Tuesday, March 28, 2017

Divergent Thinking and Writing Books




What is divergent thinking?

Wikipedia (https://en.wikipedia.org/wiki/Divergent_thinking) says: "Divergent thinking is a thought process or method used to generate creative ideas by exploring many possible solutions." For example, if I asked you how to bake a cake, you can probably recognise there are thousands of cake recipes. However your instructions will probably include spoons, bowls and an oven. What if we use clay? What if we use lava to cook? What if we make an 'oven' using a super hot car in the sun in summer?

Sir Ken Robinson did an excellent talk on the subject which can be found here, on youtube (https://www.youtube.com/watch?v=hzBa-frc2JA) which I highly recommend. The most important part, in relation to this blog post, is the section about the test they did on schoolchildren, examining their divergent thinking abilities. It found that children are best at divergent thinking in kindergarten and progressively lose the ability as they age. Ken hypothesises it is conditioned out of us by the school system and I agree.


You will always be punished for divergent thinking by peers.

For a short period, when I was 12, I went to a very fancy private school. I did not thrive there.

For mother's day, we were instructed to paint pots. An art teacher came in and gave us very direct lessons on how to paint the pots. The body of the pot was to be white, the rim coloured, then we were to paint a specific flower pattern on the white part. All of the pots would be virtually identical. Pretty, but mass produced.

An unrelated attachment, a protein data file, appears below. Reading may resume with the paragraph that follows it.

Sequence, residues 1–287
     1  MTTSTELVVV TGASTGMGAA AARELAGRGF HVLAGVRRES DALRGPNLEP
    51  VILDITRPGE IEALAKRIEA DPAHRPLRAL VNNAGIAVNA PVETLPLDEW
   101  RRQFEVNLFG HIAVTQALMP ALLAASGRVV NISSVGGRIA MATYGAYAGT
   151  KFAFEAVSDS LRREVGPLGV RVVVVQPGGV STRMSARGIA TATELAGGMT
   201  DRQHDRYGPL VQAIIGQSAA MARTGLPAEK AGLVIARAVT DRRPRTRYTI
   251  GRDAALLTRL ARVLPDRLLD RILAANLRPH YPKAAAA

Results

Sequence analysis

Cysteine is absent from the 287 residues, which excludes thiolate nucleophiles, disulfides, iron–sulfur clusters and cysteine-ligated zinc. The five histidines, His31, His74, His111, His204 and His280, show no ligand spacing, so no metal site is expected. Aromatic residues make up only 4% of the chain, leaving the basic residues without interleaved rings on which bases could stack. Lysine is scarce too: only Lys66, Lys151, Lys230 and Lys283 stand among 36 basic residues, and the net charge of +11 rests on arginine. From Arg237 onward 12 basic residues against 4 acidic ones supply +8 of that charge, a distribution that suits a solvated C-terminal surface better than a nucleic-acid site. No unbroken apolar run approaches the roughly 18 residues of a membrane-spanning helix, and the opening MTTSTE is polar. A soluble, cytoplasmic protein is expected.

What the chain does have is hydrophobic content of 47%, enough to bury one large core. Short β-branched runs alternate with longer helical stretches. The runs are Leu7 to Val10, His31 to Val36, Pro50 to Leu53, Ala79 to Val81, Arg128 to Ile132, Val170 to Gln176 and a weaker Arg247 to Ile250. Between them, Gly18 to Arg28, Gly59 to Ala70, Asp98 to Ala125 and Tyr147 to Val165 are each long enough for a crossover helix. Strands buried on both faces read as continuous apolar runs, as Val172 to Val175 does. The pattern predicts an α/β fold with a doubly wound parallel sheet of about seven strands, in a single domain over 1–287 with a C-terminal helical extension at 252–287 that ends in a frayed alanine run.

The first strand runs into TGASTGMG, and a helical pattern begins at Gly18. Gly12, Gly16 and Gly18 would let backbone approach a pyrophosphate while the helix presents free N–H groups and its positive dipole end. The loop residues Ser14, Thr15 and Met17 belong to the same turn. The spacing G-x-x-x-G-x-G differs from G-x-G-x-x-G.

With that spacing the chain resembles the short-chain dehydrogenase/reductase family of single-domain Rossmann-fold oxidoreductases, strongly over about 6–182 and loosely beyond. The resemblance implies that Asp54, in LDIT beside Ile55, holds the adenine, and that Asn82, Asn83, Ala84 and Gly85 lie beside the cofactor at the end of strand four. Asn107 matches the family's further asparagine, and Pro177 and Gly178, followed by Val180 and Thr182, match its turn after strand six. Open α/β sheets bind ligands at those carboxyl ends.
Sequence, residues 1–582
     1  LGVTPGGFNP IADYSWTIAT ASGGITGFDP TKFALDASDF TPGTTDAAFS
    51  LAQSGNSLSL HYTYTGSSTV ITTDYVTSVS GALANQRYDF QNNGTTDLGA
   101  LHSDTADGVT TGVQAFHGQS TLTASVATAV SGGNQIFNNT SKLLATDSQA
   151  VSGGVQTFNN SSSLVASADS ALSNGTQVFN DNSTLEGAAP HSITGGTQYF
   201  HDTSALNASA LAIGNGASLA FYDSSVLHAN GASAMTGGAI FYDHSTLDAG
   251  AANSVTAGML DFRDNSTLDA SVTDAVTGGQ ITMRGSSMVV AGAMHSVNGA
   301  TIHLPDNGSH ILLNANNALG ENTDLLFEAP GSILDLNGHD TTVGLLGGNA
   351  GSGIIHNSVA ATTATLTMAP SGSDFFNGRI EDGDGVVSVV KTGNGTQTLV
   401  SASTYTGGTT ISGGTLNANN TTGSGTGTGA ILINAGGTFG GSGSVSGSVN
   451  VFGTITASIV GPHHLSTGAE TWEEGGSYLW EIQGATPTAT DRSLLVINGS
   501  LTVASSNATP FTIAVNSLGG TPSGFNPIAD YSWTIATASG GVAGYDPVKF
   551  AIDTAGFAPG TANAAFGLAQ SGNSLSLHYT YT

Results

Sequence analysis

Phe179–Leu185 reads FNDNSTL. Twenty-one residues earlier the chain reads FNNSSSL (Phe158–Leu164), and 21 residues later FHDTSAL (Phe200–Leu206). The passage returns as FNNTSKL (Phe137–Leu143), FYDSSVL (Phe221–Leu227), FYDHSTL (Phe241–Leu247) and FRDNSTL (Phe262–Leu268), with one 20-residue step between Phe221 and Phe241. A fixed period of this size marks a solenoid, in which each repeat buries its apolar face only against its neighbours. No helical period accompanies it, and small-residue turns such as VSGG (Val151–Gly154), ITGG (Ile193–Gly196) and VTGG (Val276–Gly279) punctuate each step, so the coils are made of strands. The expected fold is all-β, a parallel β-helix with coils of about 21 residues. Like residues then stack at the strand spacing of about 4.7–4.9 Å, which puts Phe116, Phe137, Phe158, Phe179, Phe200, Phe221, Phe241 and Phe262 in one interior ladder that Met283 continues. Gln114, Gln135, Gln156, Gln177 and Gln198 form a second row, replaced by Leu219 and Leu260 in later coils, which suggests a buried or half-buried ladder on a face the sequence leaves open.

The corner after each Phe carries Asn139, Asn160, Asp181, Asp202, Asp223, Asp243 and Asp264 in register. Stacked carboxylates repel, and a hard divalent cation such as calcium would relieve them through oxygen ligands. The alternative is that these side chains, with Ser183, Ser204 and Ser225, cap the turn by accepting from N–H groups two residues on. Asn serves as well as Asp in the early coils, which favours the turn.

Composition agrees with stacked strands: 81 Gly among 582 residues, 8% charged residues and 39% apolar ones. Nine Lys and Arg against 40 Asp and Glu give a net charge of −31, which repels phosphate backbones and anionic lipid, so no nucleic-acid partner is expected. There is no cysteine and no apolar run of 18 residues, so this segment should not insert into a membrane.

I had a much more interesting idea for my pot. A sort of Inca mosaic. However when I tried to bring it to life, I realised we had not been given the right colours to realise my goals. We only had the white, the purple and small dabs of the 'flower' colours.

My pot did not turn out well. However out of the 28 pots painted that day, it was the only original. All the pots were on display at the front of the class and after a week of listening to my classmates ruthlessly mock both me and the pot, I quietly asked for paint in a lunch break and painted it white. With a purple rim. There was no time to add the flowers before I gave it to my mother.

I was glad about ten years later when she threw it away.

And so I learned, as we all do, that divergent thinking is a punishable offence when dealing with peers.

However I refused to stop. Every activity we were given, I found an alternative way to do it. Steadfast, through all the bullying. To this day I regret caving in. I regret painting over my ugly pot.


However you will be applauded when it works.

Around the same time, I went to an art workshop run by a very famous aboriginal painter. There was about 100 students there. This man's art sold for hundreds of thousands of dollars and, as an example, he painted a killer whale on cardboard, right in front of us.

We were then all given paints and told to paint something. The artist would then judge our entries and the winner would get to take home the painting he had just created.

I watched everyone around me try and copy his whale. Poorly. I knew I couldn't copy his whale and I didn't want to. I think I painted a crocodile, in the style of the cave paintings I grew up around at Laura and Aurukun.

I could hear the kids around me mocking me as I painted. "Look at what she's doing! It's not even a whale!" You'd have thought I was eating the goddamn paint. I didn't care. I never wanted to copy, only to create.

I won.